It's said there are only two kinds of coaches - those who have been sacked and those who are waiting to be sacked.
But what does it take to be a coach in the New Zealand professional environment and are sports organisations and teams doing enough to get more Māori and Pasifika into top level coaching roles?
The Warriors are on the hunt for a new coach after sacking Stephen Kearney - the tenth coach in the club's 25 year history - does his successor need to have an understanding of New Zealand culture?
And what do coaches need to understand about Māori and the different Pasifika cultures, and Māori and Pasifika players, to ensure they're given every opportunity to succeed?
All of New Zealand's professional teams, including the Warriors, have large numbers of Māori and Pasifika players. Are we getting things right with coaching? Are we embracing and acknowledging cultural diversity? Where do we need to improve?
Dr Sierra Keung, an academic at AUT who has researched cultural differences from Māori & Pasifika perspective, told Extra Time it's all about relationships.
"It's not just the messaging they're hearing but the messaging they're feeling that makes a difference in terms of that relation of space or that ability to perform for the coach and the team."
Former All Black Tamati Ellison, the new coach of the Kanaloa Hawaii Major League rugby side spent most of his career based overseas in countries such as Japan and Australia.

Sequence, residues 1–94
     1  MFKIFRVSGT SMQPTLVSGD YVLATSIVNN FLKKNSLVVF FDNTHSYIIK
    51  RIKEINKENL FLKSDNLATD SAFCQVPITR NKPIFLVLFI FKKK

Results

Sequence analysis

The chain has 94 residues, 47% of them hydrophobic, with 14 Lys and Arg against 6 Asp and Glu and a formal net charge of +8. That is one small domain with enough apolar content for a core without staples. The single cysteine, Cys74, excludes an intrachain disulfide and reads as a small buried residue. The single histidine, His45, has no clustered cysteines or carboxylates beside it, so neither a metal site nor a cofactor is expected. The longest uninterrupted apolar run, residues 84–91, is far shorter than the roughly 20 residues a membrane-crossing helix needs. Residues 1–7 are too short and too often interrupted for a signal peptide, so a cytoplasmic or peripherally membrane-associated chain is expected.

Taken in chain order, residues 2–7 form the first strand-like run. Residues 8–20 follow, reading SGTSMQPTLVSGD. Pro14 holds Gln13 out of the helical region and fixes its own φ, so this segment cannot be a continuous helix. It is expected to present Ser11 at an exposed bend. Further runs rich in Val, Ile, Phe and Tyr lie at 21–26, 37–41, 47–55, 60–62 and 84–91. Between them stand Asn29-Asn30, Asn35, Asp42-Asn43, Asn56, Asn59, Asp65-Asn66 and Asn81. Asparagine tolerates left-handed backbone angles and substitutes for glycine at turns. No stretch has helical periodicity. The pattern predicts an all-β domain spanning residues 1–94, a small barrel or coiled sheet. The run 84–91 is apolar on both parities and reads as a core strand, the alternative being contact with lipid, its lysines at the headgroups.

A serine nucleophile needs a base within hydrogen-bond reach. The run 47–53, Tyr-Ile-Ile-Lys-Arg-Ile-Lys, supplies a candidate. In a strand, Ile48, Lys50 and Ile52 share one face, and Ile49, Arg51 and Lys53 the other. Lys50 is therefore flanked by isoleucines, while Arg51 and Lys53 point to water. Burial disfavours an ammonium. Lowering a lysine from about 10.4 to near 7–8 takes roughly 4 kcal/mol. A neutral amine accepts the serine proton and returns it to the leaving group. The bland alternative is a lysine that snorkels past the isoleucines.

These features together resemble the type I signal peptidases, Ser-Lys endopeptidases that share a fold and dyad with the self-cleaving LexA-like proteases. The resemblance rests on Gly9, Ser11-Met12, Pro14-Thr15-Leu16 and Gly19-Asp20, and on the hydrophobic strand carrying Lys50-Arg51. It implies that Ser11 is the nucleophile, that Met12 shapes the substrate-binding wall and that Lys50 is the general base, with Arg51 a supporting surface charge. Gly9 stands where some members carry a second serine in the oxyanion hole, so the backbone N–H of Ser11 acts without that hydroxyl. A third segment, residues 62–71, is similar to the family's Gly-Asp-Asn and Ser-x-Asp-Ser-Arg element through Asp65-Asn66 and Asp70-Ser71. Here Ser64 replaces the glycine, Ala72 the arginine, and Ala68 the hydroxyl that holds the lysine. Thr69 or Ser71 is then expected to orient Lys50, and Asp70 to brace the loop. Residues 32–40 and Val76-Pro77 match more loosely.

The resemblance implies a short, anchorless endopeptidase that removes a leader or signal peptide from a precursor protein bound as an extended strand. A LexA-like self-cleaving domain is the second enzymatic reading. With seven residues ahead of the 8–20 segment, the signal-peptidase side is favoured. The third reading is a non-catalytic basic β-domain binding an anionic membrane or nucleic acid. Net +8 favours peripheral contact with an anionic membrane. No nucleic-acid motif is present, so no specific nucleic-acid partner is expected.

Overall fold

He said it his Māori coach Jamie Joseph, who coached him in Wellington and at the Highlanders, that made him feel most comfortable as a player.
"He was probably just empathetic to the story behind Māori and PI (Pasifika) players and that's something that only comes from potentially living that life yourself. Otherwise you're going to have to work to try and build those relationships and start doing a bit of learning yourself to the backgrounds of others."
Frank Endacott, who was inducted to the New Zealand Rugby League hall of fame this week, spent decades coaching Māori and Pasifika players from club level right the way through to the international stage.
He said his coaching philosophy was 'it's not the message you deliver, it's how you deliver the message'.
"I can honestly say that race has never come into it when I've ever coached a player. I look at the person, I find out what makes that player tick to get the most out of them. We all know some players you can talk tough to and some you just need to put your arm around the shoulder - you need to understand their culture, their background as a person."
Also joining the podcast this week was Netball New Zealand's national coaching development manager Tania Karauria - listen here to hear her perspective.